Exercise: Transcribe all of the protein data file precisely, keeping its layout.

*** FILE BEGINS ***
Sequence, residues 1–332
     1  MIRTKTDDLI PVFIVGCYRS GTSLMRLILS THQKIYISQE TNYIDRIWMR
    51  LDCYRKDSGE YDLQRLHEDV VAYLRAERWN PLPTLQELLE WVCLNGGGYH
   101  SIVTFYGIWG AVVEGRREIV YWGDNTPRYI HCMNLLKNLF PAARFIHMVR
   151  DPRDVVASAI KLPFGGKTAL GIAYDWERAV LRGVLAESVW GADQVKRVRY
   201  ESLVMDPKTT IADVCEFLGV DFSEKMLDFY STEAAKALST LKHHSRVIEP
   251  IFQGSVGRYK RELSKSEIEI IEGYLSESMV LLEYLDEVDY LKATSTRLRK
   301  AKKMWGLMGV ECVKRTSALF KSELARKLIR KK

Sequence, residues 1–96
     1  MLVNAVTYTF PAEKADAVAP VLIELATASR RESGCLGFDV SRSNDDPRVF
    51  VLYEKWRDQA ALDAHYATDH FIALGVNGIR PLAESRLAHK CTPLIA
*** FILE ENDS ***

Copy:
Sequence, residues 1–332
     1  MIRTKTDDLI PVFIVGCYRS GTSLMRLILS THQKIYISQE TNYIDRIWMR
    51  LDCYRKDSGE YDLQRLHEDV VAYLRAERWN PLPTLQELLE WVCLNGGGYH
   101  SIVTFYGIWG AVVEGRREIV YWGDNTPRYI HCMNLLKNLF PAARFIHMVR
   151  DPRDVVASAI KLPFGGKTAL GIAYDWERAV LRGVLAESVW GADQVKRVRY
   201  ESLVMDPKTT IADVCEFLGV DFSEKMLDFY STEAAKALST LKHHSRVIEP
   251  IFQGSVGRYK RELSKSEIEI IEGYLSESMV LLEYLDEVDY LKATSTRLRK
   301  AKKMWGLMGV ECVKRTSALF KSELARKLIR KK

Sequence, residues 1–96
     1  MLVNAVTYTF PAEKADAVAP VLIELATASR RESGCLGFDV SRSNDDPRVF
    51  VLYEKWRDQA ALDAHYATDH FIALGVNGIR PLAESRLAHK CTPLIA